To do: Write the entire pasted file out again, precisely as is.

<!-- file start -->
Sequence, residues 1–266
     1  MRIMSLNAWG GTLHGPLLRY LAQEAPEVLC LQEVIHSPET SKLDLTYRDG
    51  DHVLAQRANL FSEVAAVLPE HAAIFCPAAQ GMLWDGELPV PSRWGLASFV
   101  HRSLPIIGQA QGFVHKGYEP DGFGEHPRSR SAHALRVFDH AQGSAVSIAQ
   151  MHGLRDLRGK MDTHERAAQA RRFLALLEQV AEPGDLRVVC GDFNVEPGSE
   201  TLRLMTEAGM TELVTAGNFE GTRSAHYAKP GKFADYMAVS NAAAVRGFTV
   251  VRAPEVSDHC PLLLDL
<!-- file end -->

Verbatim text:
Sequence, residues 1–266
     1  MRIMSLNAWG GTLHGPLLRY LAQEAPEVLC LQEVIHSPET SKLDLTYRDG
    51  DHVLAQRANL FSEVAAVLPE HAAIFCPAAQ GMLWDGELPV PSRWGLASFV
   101  HRSLPIIGQA QGFVHKGYEP DGFGEHPRSR SAHALRVFDH AQGSAVSIAQ
   151  MHGLRDLRGK MDTHERAAQA RRFLALLEQV AEPGDLRVVC GDFNVEPGSE
   201  TLRLMTEAGM TELVTAGNFE GTRSAHYAKP GKFADYMAVS NAAAVRGFTV
   251  VRAPEVSDHC PLLLDL